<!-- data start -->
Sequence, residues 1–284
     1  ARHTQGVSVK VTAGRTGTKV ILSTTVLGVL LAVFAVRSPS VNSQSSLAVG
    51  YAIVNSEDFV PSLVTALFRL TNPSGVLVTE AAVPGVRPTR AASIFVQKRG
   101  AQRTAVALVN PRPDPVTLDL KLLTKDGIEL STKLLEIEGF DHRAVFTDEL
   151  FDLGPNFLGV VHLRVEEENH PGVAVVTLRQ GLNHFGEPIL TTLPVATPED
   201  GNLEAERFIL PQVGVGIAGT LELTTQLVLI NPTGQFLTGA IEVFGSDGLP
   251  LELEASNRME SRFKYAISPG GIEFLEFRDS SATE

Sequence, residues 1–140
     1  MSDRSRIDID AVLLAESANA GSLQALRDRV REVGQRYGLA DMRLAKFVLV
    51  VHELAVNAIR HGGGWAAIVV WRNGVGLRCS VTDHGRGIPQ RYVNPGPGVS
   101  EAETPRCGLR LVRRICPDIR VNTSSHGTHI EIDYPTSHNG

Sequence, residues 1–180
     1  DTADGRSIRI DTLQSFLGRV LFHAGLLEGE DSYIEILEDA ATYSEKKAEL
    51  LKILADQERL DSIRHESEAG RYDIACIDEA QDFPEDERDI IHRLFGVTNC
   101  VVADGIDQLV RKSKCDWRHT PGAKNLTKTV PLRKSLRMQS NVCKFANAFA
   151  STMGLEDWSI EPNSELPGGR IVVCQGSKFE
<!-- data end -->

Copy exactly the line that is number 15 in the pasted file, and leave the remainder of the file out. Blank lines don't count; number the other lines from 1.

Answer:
   101  VVADGIDQLV RKSKCDWRHT PGAKNLTKTV PLRKSLRMQS NVCKFANAFA